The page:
John Green’s ‚Turtles All The Way Down‘

 

I have finished the new John Green book today, it makes me happy and melancholic. I am always sad to finish a book, because I am leaving the story and its characters. This is why I like John Green so much, he is very good at creating characters that I don’t want to leave. Although I like The Fault In Our Stars, my favourite John Green book is An Abundance Of Katherines. It is not as tragic, deep and complicated as the other ones, but I like the main character the most. He is weird and complicated and occupied with his thoughts, which is not that innovative anymore for a young adult book. However, John Green is very good at creating him, making him realistic and loveable.

Aza in Turtles All The Way Down is similar. Although it is a girl, which I found interesting. I feel that most of the time characters like her are boys, as if a social awkwardness would go along with interest in logic and science, and that would go along with boys, not girls. The story is not that spectacular. There is a case about a missing man that Aza and her friend try to solve, but it doesn’t play a big role. The book is about how Aza lives, and – more importantly – how she thinks.

It is not specifically named what Aza struggles with. She is anxious and neurotic and trapped in her own mind in a way that sometimes makes normal situations unbearable for her. Often, she is scared of infections, thinks about bacteria and the symptoms of rare diseases. What I liked about the story and the depiction of Aza is that is doesn’t try to put a label on mental illness. It is not one of those books that deals more with the condition itself than with the person that lives with it. It is not a representation of ‘the life of someone with cancer’ or ‘someone with the Asperger’s syndrome’, which, as well, has its own quality. But this book is really about Aza. It doesn’t describe her mental condition in a representative way, it shows how it feels for Aza to live with her anxiousness, her thoughts and her complicated mind.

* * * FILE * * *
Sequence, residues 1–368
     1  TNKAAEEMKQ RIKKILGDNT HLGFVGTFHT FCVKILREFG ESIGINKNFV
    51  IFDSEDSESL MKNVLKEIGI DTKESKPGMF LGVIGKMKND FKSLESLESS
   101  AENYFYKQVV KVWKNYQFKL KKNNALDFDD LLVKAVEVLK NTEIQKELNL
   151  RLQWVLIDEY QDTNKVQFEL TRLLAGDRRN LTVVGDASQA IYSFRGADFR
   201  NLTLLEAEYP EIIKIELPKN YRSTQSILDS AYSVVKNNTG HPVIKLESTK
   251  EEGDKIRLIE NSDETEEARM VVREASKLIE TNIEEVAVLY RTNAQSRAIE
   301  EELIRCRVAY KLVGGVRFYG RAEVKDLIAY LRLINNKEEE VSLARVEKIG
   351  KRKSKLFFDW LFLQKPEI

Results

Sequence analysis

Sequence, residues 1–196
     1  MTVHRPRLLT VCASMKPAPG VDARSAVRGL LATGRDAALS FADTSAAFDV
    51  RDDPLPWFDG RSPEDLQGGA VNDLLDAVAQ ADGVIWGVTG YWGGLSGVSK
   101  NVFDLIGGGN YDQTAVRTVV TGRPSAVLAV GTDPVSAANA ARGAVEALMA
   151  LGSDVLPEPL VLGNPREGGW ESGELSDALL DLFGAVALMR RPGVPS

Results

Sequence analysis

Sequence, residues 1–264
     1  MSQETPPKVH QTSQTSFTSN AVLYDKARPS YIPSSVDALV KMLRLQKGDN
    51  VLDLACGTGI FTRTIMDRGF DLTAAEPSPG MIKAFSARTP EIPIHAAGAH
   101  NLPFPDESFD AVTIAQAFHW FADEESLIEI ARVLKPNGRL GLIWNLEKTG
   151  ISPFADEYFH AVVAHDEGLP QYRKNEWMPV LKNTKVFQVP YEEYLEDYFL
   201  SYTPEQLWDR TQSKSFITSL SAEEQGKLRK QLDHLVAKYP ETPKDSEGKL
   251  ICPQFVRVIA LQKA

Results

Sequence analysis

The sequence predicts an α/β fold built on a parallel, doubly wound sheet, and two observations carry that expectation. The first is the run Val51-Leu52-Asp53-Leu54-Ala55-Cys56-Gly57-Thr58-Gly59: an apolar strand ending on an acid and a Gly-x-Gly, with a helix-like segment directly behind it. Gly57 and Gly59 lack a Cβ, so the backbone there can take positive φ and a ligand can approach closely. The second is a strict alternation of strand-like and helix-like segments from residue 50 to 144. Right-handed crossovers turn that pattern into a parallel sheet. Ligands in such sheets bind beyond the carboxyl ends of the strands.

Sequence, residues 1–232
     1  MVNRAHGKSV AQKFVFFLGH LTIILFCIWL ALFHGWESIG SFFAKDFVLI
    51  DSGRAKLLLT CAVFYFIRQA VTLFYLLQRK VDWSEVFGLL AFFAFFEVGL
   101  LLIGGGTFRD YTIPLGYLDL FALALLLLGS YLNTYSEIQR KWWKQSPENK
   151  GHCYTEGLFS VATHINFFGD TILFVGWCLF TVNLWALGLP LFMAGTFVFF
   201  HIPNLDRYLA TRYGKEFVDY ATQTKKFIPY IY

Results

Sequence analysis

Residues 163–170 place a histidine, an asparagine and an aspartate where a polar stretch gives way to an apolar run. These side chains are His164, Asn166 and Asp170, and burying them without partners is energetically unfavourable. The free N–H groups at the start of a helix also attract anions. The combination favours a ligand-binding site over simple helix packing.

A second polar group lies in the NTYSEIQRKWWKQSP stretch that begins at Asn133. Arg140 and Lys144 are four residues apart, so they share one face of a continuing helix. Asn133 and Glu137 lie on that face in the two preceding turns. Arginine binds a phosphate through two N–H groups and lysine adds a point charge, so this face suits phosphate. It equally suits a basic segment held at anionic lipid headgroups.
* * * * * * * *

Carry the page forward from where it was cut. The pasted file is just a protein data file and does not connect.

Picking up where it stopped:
Her thoughts are compared to spirals. They start little and unimportant in the back of Aza’s head, then she lets herself be occupied by them more and more, until she is not able to think of anything else. Like a spiral that focuses and tightens more and more towards the centre. Although I am not concerned about infections as Aza, I recognized those spirals very well. This little mean, irrational voice in the back of my head that tells me to worry, although I know I shouldn’t. Because sometimes, as Aza says all the time, thoughts are not a choice. She says they just arrive in her mind and don’t feel like they belong to her. And then she has to cope with them, she cannot not think about them.

The novel starts with “At the time I first realized I might be fictional, my weekdays were spent at a publicity funded institution on the north side of Indianapolis called White River High School, where I was required to eat lunch at a particular time […] by forces so much larger than myself that I couldn’t even begin to identify them.” Of course the thing about being fictional is this funny meta-comment, because, well, Aza actually is fictional, but it is more. Aza thinks about how her unwanted thoughts make her into a person she doesn’t want to be. If there even is a ‘true’ self behind her thoughts, or if she is only a representation of the life and circumstances and people around her.

At one point she says that “imagining all the futures I might have, all the Azas I might become, was a glorious and welcome vacation from living with the me I currently was.” What a nice sentence. I thought the same, when I was living abroad for example, or when I finished school and started university. The new life changes me into someone else.

Aza is scared that there might not be part of her that never changes, no matter what happens in her life. That she is only created by her outside, because also her thoughts don’t belong to her. The book doesn’t give a definite answer to that theory of course. But it left me being ok with the idea. Being created by the situations and people around me, being different versions of myself, because it is exciting and important.

 

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